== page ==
Film props including a pair of GAA shorts from a hit Irish series Normal People, which starred Kildare's Paul Mescal, are going under the hammer in aid of Ukrainian filmmakers.
The online auction launched this morning (Wednesday June 29) as part of a campaign organised by a group of independent Irish filmmakers to help colleagues affected by the crisis in Ukraine.
A signed script of the first episode of beloved show Normal People, as well as a signed hardbook book of scripts will be auctioned alongside signed GAA shorts worn by actor Paul Mescal (Connell).
The distinctive blue and yellow shorts featured in the series launched a thousand fan memes, had Gucci designing imitation pairs for sale, and introduced gaelic football to Hollywood and beyond.
The shorts are in the blue and yellow colours of Roscommon, Clare, Tipperary and Ukraine.
BBC's most streamed show of 2020, Normal People racked up over 60 million streams from its launch in April to December, with multiple award wins and nominations including four Emmy nominations, seven BAFTAs, two Golden Globe nominations, and fifteen IFTAs with nine wins including a Best Actor nod for Mescal.
Chief Programmer of the Ukranian documentary filmmaker festival Docudays.ua, Darya Busel, said, "For the past four months, Ukrainian filmmakers are risking their lives and mental health to document the atrocities of war and let the world know about the war crimes, but not only that - they are gathering footage for future films. I'm sure the films that will emerge from the work that is being done now, will help us to understand this historical moment, when the whole world has to reconsider the principles on which it is built.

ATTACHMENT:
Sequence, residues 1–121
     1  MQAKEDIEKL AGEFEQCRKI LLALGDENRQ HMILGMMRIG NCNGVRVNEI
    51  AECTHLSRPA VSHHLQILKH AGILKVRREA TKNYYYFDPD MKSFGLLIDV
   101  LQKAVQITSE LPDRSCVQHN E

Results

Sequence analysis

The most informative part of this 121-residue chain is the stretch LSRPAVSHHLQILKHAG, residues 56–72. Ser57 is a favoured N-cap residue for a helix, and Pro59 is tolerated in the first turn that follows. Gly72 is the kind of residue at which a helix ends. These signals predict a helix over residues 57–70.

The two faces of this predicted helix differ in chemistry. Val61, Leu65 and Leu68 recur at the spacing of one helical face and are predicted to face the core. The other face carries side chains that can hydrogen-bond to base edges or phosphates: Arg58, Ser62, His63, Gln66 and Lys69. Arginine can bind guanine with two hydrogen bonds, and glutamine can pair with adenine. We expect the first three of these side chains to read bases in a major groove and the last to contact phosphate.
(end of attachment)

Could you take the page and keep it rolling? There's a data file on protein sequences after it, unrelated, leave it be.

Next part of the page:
"These films to come, will help us to face our traumas and to reconnect with ourselves. Because the worst thing the war is doing to you is that it takes your life from you. In every possible way; you can no longer plan anything, you are parted with your loved ones, you lose your home and everything you've been working so hard your whole life for... and in the end, one day, you can even be killed. It's true that maybe cinema cannot change anything in the short term but it can definitely change a lot in the long perspective.
"On behalf of our colleagues in Docudays and in Ukrainian film, I am very thankful to all who donate to support us in doing this important work.’
ICFR Ukraine's Orwa Nyrabia said, "We established ICFR because we believed that film people everywhere are a community, that attacking one film person anywhere is an attack on all of us, that with such acts of solidarity we can show the whole world that film people will stand up for each other. With our Irish colleagues efforts, that faith is renewed.
"The plight of our Ukranian colleagues today concerns all of us, and no matter how small or bg our contributions can be, they first and foremost send a message that is not financial; ‘we are with you, you are not alone’."
Veteran Film set auctioneer Sean Eacrett is hosting the auction online here.
It closes Sunday July 17 at 6pm.
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